Lupia, Arthur and Levine, Adam Seth and Zharinova, Natasha (2008): When Should Political Scientists Use the Self-Confirming Equilibrium Concept? Benefits, Costs, and an Application to Jury Theorems.
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Many claims about political behavior are based on implicit assumptions about how people think. One such assumption, that political actors use identical conjectures when assessing others’ strategies, is nested within applications of widely-used game theoretic equilibrium concepts. When empirical research calls this assumption into question, the self-confirming equilibrium (SCE) concept is an alternate criterion for deriving theoretical claims. Using a series of examples, we examine opportunities and challenges inherent in applying the SCE concept. Our main example focuses on Feddersen and Pesendorfer’s (1998) claim that unanimity rules can lead juries to convict innocent defendants. Using SCE, we show that the claim depends on the assumption that jurors have identical beliefs about one another’s strategies. When juror beliefs vary in ways that follow from empirical jury research, we show that fewer false convictions can occur in equilibrium. Generally, the SCE confers advantages when actors have different conjectures about one another’s strategies.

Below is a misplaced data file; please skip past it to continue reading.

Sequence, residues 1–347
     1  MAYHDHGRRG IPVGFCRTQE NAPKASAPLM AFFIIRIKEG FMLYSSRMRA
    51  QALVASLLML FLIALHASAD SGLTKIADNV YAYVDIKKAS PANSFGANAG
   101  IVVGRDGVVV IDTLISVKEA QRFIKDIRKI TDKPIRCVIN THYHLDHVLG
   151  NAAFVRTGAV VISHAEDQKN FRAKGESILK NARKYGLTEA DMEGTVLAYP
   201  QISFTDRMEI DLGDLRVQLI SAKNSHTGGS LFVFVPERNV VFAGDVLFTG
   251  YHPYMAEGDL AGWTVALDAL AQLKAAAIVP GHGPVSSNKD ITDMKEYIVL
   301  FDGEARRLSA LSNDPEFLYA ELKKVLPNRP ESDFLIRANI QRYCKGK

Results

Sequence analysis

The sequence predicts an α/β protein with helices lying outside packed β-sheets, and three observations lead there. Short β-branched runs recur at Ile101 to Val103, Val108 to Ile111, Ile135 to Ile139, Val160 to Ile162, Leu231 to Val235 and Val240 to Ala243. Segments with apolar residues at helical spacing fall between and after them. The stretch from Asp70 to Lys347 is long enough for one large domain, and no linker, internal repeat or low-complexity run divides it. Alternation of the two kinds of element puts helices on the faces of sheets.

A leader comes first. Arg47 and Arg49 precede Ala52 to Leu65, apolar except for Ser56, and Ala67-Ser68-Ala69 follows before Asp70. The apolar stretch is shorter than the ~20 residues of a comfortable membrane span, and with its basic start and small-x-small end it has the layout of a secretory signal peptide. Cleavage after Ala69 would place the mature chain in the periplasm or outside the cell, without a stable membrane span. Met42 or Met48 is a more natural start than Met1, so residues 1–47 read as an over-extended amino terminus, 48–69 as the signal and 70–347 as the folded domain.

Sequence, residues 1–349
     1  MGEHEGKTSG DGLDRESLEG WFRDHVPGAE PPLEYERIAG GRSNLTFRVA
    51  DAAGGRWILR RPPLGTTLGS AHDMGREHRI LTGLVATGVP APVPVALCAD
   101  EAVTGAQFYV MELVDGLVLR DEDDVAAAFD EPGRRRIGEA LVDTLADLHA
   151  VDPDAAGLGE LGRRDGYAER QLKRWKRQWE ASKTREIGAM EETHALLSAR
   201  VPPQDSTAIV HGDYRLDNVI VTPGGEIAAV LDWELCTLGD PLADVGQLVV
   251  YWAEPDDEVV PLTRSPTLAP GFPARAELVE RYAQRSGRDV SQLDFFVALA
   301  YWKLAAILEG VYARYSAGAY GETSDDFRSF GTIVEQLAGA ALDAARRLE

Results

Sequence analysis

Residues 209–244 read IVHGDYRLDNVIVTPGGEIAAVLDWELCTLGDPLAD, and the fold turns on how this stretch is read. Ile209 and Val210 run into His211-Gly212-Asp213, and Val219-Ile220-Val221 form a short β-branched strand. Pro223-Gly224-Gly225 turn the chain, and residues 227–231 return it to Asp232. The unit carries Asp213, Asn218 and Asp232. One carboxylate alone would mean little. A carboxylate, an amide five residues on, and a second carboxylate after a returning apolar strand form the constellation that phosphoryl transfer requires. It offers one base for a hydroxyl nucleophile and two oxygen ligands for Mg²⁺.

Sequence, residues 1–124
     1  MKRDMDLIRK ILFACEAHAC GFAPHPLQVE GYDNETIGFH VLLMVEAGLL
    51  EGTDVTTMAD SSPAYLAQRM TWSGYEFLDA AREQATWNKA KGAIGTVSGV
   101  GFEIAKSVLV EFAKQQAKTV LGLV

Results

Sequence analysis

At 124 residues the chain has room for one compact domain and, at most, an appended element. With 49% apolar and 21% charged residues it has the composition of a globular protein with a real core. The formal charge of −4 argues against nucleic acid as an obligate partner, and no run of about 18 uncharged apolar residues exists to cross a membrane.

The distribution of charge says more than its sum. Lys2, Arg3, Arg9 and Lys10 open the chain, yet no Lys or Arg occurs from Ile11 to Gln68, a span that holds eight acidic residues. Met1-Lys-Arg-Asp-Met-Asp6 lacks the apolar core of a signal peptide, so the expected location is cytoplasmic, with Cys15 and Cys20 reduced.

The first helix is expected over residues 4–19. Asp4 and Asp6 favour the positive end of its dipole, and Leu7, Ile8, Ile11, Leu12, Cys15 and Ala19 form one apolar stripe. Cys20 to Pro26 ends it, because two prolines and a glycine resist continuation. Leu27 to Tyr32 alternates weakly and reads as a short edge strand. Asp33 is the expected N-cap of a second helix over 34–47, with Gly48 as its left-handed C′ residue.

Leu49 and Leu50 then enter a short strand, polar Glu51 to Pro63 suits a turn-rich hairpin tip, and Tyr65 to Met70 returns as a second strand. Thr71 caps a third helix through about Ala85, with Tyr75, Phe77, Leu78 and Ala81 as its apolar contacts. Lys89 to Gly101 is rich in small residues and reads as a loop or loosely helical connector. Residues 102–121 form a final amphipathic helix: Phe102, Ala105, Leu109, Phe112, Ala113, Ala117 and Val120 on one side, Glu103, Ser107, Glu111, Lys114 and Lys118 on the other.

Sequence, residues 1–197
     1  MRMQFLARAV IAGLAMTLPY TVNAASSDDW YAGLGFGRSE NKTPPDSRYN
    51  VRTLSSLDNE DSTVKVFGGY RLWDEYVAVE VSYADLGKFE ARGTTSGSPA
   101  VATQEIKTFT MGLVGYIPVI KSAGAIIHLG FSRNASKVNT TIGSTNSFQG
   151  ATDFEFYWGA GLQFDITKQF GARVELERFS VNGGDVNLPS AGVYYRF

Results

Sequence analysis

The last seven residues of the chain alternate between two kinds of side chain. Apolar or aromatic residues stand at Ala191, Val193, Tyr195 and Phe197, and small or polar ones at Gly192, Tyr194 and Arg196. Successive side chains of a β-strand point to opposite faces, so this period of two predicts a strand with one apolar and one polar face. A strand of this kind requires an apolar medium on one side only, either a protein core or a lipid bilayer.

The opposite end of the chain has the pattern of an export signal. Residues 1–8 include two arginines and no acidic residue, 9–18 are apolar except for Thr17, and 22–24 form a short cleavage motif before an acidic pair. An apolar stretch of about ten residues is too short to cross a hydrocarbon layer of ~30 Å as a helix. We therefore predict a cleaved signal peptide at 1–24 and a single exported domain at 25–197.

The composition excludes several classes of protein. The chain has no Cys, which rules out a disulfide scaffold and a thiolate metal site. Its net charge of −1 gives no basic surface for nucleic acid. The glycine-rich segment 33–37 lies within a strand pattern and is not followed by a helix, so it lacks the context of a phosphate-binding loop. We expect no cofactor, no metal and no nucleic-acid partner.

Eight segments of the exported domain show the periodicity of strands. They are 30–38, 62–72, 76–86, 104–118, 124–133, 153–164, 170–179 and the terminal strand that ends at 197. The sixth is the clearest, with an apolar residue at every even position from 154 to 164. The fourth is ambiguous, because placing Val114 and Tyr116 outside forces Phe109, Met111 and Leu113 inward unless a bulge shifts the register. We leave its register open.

|Item Type:||MPRA Paper|
|Original Title:||When Should Political Scientists Use the Self-Confirming Equilibrium Concept? Benefits, Costs, and an Application to Jury Theorems|
|Keywords:||jury decision making; self-confirming equilibrium; jury theorem; game theory; political science|
|Subjects:||K - Law and Economics > K0 - General
D - Microeconomics > D8 - Information, Knowledge, and Uncertainty > D83 - Search; Learning; Information and Knowledge; Communication; Belief
D - Microeconomics > D7 - Analysis of Collective Decision-Making > D72 - Political Processes: Rent-Seeking, Lobbying, Elections, Legislatures, and Voting Behavior
|Depositing User:||Arthur Lupia|
|Date Deposited:||08. May 2008 03:37|
|Last Modified:||18. Feb 2013 00:07|
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